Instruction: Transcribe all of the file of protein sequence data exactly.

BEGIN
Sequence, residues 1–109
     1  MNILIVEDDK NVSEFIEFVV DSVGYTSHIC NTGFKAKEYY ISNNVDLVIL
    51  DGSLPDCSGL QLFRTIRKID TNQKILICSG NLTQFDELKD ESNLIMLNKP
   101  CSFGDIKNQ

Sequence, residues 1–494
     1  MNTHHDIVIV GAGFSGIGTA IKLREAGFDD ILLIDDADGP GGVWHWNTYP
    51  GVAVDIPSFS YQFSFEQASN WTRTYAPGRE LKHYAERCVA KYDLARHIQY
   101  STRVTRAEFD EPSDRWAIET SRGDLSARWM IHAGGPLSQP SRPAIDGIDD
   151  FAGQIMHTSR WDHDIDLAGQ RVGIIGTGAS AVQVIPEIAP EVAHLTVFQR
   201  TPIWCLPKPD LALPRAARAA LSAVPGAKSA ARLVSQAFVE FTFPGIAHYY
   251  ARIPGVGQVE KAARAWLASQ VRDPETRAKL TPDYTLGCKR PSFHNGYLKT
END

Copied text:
Sequence, residues 1–109
     1  MNILIVEDDK NVSEFIEFVV DSVGYTSHIC NTGFKAKEYY ISNNVDLVIL
    51  DGSLPDCSGL QLFRTIRKID TNQKILICSG NLTQFDELKD ESNLIMLNKP
   101  CSFGDIKNQ

Sequence, residues 1–494
     1  MNTHHDIVIV GAGFSGIGTA IKLREAGFDD ILLIDDADGP GGVWHWNTYP
    51  GVAVDIPSFS YQFSFEQASN WTRTYAPGRE LKHYAERCVA KYDLARHIQY
   101  STRVTRAEFD EPSDRWAIET SRGDLSARWM IHAGGPLSQP SRPAIDGIDD
   151  FAGQIMHTSR WDHDIDLAGQ RVGIIGTGAS AVQVIPEIAP EVAHLTVFQR
   201  TPIWCLPKPD LALPRAARAA LSAVPGAKSA ARLVSQAFVE FTFPGIAHYY
   251  ARIPGVGQVE KAARAWLASQ VRDPETRAKL TPDYTLGCKR PSFHNGYLKT